Craig Bryant, Founder and CEO of Kin, and Emily Powers, Director of Operations and Finance at Fresh Tilled Soil, have joined forces to uncover the mysteries of the modern workplace. The following is the final chapter of an eight-part series featuring some of the greatest debates, struggles, and solutions surrounding how we work. Check out the entire series here.
I’m going to come right out and say it, perks are overrated. Yes, perks are all the rage. It’s almost daily that we read headlines boasting about yet another company who’s erected a rock-climbing wall, or installed sound-proof, pillowed pods inviting daytime naps, or laid down fresh turf for a bocce court out back. Now, before you begin swooning over those luscious nap pods, I strongly recommend taking a deeper look. It is critical to recognize that not all perks are created equal.
I like to lump perks into two categories: Fluff and Fulfillment.
Fluff – just like the white stuff, devoid of substance
This is the category devoted to the ping pong tables, beer-on-tap, and Nintendo rooms of the world. Sure, having these things at your office is pretty darn cool, but I have two questions:
- Is it truly changing your life in a meaningful way? Let’s be honest, would you rather play Nintendo with your co-workers for an hour or get home an hour earlier to play catch with your child? Or take a walk with your partner? I know you love your co-workers and all but…
- What happens when these perks are actually used? What happens when Joe from Sales is seen heading up to the nap pods? Do his coworkers think, “Damn! Good for Joe!” or do they think, “We just had a tough quarter, how does Joe have the time to go take a nap?”
We need to think critically about the culture surrounding perks. Having a kegerator, or a gym, or a bowling alley is meaningless if there is a culture of suspicion shrouding these offerings. I’ve heard countless stories of companies where the kegerator lies fallow for months on end because there is shame around grabbing a beer.
Simply offering perks gets you nowhere. There must be the culture to back them up. Just as I mentioned in my recent article on how to NOT work, a company offering unlimited paid time off sure looks great on paper, but if there is no cultural support for actually taking time off, it just doesn’t happen. However, unlimited paid time off, game rooms, and bocce ball can be truly beneficial perks that help your team relax and recharge if (and only if) they are supported, encouraged, and followed through on in real life. Otherwise, these perks are simply hollow promises used as recruitment tools to woo prospective hires.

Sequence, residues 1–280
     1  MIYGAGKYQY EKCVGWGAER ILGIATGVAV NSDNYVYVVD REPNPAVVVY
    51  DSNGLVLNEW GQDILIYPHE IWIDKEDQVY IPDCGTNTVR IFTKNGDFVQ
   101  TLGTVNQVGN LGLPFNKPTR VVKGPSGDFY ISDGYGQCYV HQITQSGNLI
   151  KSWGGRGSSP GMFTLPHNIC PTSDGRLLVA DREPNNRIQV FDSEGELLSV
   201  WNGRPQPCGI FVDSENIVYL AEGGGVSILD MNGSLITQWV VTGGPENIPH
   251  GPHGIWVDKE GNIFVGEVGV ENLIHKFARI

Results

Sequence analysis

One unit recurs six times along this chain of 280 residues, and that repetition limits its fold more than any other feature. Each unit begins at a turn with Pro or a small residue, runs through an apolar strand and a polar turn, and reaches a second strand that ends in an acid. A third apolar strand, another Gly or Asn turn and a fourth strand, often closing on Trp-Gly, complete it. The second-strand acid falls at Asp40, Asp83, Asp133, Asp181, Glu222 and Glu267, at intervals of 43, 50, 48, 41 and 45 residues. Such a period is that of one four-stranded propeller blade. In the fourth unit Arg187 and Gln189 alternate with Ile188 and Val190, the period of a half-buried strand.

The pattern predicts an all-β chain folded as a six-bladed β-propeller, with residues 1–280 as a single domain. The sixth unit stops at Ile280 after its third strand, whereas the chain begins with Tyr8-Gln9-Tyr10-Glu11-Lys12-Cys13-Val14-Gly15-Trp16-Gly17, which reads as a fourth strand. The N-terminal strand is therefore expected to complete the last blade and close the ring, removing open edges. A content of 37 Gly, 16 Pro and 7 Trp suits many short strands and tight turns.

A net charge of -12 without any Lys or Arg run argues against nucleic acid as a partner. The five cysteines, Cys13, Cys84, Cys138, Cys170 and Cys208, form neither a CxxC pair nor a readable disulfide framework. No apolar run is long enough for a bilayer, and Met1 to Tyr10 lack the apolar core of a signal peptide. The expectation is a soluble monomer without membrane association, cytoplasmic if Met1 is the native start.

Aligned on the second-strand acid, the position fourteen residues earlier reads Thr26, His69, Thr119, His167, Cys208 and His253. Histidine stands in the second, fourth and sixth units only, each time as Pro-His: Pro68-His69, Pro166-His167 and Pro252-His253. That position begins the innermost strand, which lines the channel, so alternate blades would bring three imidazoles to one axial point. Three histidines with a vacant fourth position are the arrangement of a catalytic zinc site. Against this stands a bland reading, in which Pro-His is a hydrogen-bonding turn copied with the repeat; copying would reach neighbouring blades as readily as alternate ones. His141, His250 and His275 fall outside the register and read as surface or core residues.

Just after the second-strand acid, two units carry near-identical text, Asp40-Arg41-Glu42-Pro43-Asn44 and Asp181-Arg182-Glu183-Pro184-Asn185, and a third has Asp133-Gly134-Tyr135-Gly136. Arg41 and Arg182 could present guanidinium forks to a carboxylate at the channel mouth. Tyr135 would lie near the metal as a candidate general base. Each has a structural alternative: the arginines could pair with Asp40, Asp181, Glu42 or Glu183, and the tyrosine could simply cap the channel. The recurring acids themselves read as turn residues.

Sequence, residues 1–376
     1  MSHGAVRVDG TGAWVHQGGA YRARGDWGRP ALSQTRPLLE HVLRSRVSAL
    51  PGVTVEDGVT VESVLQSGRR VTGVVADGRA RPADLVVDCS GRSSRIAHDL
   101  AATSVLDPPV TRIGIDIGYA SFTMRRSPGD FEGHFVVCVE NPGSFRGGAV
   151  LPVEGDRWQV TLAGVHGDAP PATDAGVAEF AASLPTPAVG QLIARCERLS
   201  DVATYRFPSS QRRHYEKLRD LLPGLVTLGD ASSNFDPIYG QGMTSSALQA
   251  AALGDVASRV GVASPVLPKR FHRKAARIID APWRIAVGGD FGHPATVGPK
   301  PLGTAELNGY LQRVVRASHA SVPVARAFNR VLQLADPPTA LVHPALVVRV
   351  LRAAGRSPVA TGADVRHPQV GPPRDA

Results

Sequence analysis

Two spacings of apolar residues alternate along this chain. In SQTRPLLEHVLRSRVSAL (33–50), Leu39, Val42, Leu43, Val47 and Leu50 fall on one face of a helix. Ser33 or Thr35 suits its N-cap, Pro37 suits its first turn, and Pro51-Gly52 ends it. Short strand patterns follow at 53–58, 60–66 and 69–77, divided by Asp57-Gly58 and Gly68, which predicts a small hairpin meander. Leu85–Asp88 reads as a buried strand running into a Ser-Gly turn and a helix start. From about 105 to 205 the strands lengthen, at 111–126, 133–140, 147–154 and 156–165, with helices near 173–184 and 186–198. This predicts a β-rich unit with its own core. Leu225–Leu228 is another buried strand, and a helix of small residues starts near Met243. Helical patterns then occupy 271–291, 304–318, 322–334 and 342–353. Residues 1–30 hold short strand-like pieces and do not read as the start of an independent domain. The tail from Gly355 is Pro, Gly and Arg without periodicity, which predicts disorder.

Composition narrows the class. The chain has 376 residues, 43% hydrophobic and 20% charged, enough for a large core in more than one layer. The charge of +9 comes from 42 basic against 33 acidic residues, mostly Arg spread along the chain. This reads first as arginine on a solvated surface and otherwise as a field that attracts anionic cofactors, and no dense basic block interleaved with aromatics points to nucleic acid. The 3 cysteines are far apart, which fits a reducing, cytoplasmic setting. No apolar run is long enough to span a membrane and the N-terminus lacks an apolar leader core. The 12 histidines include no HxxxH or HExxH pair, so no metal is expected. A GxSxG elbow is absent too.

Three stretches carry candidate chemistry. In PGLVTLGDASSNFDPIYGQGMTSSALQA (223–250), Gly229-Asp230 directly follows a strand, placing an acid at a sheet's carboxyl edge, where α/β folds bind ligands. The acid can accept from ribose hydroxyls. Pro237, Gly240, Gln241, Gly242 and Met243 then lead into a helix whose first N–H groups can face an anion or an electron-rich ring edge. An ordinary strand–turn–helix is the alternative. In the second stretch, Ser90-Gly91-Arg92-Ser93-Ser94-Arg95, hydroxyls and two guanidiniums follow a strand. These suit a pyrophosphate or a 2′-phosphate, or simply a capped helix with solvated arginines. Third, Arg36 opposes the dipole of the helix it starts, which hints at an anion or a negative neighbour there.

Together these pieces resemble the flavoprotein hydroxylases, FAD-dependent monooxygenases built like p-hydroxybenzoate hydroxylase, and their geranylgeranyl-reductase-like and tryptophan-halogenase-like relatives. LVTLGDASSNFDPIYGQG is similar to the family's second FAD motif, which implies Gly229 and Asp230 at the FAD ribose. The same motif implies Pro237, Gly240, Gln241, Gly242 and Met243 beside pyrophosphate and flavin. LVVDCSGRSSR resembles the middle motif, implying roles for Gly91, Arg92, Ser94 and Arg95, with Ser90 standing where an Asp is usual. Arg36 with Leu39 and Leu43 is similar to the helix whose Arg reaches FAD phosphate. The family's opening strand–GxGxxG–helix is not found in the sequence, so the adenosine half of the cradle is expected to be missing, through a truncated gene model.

Fulfillment – truly impacting lives
Beyond the fluffy stuff, there are a ton of companies doing it right, and here’s how. Consider some of the greatest pain points in the lives of working professionals today: Child care, household demands, transportation, and TIME. By digging into these areas and getting creative, companies have an opportunity to be impactful by reducing life’s greatest stressors. Here are a few examples:
- Akraya, an IT staffing company, sends professional cleaners to employees’ homes every two weeks
- McGraw Wentworth, a provider of group benefits, offers on-site pickup and dropoff of dry cleaning and laundry
- Many companies, such as Google and SC Johnson, offer on-site child care
- Patagonia offers employees two weeks paid leave to work for the nonprofit of their choice
- Airbnb offers employees $2,000 per year to travel and stay in an Airbnb listing anywhere in the world
- Parental leave: From Spotify’s 6 months paid leave (they also cover fertility treatments), to Netflix’s 1 year of paid leave, there are many stellar examples on this front
I think you get the point. In the Fluff category, we are talking about beer, cold-brewed iced coffee, bowling, Nintendo, and bocce. In the Fulfillment category we are talking about child care, home care, charitable causes, world travel, and fertility treatment. If you’re seeking more inspiration, I find this list by Fast Company to be highly Fulfilling.
One thing I want to make clear is that Fulfilling perks do not require an exorbitant expense on behalf of the company. Services such as child care, laundry, dry cleaning, and massage can be at the expense of the employee (or anywhere in between). The company is simply establishing the partnerships with those vendors to bring them to the office. In return, employees gain back precious hours in their week and reduce stress.
Even those perks/benefits that are most often railed as being out of the question for budget sensitive companies need a second look. Take for example parental leave. When Google increased its paid maternity leave from 12 weeks to 18 weeks, the rate at which new mothers quit fell 50%. Sure, it costs money to pay parents while they are spending precious weeks with their newest additions, but it costs far more to drop that support and lose those highly valued team members at a rate of 400% their annual salary.
Lose the Fluff
I encourage employers, employees, and job-seekers alike to take a good hard look at perks and the culture surrounding them. Are they meaningless Fluff devoid of true substance, or are they truly enriching and supporting the lives of the team? I beg you, please do not confuse perks with company culture and values. Let’s lose the Fluff and build truly meaningful and engaging places to work, with or without perks.
About the author: Emily Powers is Director of Operations and Finance at Fresh Tilled Soil.